From her Land O' Lakes homestead, Susan MacManus watches Florida's political evolution
Retired USF professor and political analyst Susan MacManus has seen Florida's political landscape change drastically over the years from her farmhouse in Pasco County.
Pasco is among the fastest growing counties in Florida, and driving through the county, the signs of growth and development are everywhere.
But, in Land O' Lakes, not far from the big box stores and highways, a dirt road sheltered by tall pine trees leads to a slice of Old Florida.
Here a white two-story farmhouse sits behind a huge oak tree.
A few years ago, University of South Florida Professor Emeritus Susan McManus retired after 47 years teaching political science.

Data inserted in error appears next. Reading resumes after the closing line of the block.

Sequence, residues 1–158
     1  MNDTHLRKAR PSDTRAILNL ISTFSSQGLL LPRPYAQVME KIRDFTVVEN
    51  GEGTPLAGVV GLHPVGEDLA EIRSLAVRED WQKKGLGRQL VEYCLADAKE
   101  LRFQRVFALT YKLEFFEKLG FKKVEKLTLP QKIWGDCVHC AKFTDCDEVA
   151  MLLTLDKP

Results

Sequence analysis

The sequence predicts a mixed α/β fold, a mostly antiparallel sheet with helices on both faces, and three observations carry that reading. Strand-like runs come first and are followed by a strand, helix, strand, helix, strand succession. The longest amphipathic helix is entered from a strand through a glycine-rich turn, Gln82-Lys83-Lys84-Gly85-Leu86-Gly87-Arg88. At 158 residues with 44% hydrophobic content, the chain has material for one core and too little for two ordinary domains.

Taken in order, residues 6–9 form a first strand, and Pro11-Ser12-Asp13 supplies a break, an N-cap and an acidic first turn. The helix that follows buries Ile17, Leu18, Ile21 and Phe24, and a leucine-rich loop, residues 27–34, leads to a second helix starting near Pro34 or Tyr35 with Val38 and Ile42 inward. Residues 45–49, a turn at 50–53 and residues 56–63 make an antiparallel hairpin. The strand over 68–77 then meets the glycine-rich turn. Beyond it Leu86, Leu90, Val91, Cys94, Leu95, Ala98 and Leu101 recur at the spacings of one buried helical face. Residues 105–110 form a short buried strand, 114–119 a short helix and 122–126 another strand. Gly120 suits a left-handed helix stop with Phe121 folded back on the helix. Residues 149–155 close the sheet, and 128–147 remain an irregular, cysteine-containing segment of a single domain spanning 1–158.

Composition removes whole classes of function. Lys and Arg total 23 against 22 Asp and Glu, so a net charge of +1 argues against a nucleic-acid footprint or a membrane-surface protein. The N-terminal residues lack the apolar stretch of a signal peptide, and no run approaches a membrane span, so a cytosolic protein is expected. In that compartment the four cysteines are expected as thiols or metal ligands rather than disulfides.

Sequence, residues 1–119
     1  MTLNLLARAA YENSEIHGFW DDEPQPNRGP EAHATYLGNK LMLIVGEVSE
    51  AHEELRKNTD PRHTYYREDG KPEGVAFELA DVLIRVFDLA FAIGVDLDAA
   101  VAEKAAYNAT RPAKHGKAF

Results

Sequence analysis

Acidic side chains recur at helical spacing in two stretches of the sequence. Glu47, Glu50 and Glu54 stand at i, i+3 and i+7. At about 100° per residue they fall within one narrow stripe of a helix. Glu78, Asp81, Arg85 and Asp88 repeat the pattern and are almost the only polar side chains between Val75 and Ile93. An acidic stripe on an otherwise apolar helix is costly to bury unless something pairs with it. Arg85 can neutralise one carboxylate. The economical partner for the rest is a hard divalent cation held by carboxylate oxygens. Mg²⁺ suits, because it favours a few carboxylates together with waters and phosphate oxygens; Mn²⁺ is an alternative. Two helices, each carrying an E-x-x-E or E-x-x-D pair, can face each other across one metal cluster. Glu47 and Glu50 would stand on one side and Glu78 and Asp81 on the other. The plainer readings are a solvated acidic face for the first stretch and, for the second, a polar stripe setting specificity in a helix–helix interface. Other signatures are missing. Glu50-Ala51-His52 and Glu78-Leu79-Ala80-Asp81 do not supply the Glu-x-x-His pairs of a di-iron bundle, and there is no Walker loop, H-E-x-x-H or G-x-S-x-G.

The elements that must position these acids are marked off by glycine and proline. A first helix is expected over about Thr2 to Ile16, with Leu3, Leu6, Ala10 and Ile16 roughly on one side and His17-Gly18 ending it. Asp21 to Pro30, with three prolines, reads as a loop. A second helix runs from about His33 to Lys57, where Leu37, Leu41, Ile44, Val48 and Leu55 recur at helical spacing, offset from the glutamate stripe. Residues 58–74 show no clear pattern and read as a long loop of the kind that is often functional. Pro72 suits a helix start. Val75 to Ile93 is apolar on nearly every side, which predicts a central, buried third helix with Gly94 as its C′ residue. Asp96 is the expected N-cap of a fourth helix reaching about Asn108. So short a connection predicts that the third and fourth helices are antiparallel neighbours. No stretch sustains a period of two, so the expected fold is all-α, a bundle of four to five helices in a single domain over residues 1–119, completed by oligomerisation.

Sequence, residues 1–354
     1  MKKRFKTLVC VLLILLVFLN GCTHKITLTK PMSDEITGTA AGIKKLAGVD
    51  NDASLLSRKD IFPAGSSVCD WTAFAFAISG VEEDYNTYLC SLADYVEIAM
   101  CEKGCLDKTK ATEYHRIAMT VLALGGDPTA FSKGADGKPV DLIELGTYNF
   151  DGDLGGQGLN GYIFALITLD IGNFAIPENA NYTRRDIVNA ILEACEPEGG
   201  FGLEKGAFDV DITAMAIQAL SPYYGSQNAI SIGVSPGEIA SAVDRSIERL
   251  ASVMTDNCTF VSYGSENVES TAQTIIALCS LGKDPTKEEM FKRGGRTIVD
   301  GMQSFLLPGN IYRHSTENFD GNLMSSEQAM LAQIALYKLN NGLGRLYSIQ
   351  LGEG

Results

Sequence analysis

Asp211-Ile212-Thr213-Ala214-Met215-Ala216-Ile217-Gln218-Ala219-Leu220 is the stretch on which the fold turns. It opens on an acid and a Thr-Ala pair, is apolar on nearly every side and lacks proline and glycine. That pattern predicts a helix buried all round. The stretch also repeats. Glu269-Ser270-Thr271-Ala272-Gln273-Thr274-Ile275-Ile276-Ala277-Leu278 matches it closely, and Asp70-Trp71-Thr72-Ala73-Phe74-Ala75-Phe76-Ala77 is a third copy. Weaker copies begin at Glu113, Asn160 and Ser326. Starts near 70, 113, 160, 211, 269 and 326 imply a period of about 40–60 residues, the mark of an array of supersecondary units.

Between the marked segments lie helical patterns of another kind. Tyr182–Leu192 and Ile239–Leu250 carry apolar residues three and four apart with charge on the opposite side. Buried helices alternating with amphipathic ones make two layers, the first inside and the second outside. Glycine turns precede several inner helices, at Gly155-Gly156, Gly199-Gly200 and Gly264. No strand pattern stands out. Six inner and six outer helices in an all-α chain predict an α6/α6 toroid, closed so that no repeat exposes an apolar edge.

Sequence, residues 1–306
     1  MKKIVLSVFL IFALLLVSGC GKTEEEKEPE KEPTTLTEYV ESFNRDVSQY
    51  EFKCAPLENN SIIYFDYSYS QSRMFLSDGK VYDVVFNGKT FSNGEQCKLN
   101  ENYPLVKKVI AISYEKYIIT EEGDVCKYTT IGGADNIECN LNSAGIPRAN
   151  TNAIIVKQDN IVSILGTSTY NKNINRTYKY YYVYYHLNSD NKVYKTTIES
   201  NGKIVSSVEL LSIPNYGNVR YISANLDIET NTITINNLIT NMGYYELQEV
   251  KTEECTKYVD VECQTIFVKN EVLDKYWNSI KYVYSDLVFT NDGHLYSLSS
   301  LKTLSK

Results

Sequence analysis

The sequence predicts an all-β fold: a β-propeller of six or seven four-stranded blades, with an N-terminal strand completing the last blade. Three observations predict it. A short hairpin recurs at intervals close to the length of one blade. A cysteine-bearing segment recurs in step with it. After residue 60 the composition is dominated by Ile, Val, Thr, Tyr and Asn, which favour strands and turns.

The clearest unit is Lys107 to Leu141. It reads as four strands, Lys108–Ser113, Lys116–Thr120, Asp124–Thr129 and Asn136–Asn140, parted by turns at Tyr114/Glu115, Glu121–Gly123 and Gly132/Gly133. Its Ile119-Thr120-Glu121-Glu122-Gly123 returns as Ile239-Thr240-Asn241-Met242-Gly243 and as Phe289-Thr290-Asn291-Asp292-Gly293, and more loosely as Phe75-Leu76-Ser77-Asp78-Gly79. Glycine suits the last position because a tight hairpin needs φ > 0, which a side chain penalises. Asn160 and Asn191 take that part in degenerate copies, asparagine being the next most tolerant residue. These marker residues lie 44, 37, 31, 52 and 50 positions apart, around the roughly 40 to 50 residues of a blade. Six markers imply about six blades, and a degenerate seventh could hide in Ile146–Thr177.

But the 76-year-old is still a familiar name, face and voice as a political analyst. This farmhouse — and the property that sits on a small lake — has been in McManus' family for 100 years.
MacManus' grandfather, who emigrated from Germany, grew citrus here. After citrus greening destroyed the trees, the family planted pines instead.
Today, it's a haven for animals like owls, bobcats, armadillos and gopher tortoises. Three of the tortoises are nicknamed Gramps, George and Tiny. Dotted around the garden are animal sculptures MacManus' mother designed from old farm machinery parts.
MacManus discusses the property where she grew up fishing and swimming — and still does — and changes to Florida's political landscape as the state's population has grown.
Have you ever had any close calls with an alligator?
No, no. Not other than the Florida Gators. I'm a Florida State Seminole. So that's the only encounter we have with the Gators: football.
This is really a just an amazing spot. I wonder, though, do you worry about the encroaching development? Do you wonder sometimes how long this place might stay the way it is?